Measuring ‘Subjective Resilience’: Using Peoples' Perceptions to Quantify Household Resilience

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Date
2015
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Abstract
"This paper advocates for the use of one such alternative: the measurement of ‘subjective’ resilience at the household level. The concept of subjective resilience stems from the premise that people have a good understanding of the factors that contribute to their ability to anticipate, buffer and adapt to disturbance and change. Subjective household resilience, therefore, relates to an individual’s cognitive and affective self-evaluation of their household’s capabilities and capacities in responding to risk.In this paper, we discuss the advantages of measuring subjective household resilience. A subjective approach challenges the notion that experts are best placed to evaluate other people’s livelihoods. It relies on people to self-assess and consider what characteristics are most important to the resilience of their household, providing a valuable opportunity to capture the perspectives of those who may know most about their own resilience: the people themselves. Thus, in some ways, the assessment of subjective resilience is more of a bottom-up process than traditional forms of ‘objective’ resilience measurement."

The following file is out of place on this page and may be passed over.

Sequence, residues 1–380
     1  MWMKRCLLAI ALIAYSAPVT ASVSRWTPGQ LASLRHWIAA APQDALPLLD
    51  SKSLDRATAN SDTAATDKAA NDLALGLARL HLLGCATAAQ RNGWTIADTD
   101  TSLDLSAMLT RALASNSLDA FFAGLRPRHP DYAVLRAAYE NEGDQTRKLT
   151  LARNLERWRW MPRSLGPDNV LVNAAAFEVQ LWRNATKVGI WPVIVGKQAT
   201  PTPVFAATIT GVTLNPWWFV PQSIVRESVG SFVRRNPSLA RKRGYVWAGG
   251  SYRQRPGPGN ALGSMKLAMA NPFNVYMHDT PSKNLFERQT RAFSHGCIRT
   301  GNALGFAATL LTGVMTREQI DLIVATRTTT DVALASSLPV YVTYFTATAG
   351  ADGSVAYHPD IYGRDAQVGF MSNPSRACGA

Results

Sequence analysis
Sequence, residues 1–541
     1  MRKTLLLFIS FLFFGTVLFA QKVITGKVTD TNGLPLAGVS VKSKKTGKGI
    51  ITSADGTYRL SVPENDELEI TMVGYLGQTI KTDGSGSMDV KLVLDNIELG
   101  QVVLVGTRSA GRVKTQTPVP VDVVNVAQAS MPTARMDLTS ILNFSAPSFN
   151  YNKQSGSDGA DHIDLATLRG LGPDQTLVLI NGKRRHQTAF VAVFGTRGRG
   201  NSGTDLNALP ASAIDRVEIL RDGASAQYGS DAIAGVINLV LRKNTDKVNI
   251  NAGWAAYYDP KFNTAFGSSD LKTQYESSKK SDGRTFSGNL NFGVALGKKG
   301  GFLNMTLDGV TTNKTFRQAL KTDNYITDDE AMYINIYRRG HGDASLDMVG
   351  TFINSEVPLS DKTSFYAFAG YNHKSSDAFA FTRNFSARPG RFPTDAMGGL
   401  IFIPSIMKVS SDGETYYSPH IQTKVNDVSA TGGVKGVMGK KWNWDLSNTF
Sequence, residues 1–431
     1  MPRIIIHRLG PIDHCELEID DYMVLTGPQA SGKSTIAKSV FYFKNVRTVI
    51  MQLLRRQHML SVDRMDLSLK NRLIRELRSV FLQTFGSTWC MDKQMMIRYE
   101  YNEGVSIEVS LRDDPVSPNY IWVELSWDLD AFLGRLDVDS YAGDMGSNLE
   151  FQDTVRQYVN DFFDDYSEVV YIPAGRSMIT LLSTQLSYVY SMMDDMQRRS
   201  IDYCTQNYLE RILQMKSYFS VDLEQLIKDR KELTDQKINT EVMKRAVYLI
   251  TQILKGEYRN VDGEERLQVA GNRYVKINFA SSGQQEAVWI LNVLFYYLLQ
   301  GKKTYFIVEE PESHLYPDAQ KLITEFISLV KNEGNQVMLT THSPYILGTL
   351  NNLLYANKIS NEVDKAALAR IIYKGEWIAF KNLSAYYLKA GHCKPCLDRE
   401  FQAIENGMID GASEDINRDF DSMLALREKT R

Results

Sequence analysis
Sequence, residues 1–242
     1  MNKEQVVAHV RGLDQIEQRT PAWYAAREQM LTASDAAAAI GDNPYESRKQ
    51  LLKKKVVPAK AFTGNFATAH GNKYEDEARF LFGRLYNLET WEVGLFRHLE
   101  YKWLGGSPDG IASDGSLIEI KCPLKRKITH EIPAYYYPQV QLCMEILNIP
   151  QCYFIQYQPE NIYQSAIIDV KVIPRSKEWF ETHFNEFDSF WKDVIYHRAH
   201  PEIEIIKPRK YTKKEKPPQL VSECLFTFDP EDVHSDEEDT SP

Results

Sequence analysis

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measurement, resilience, adaptation, climate change
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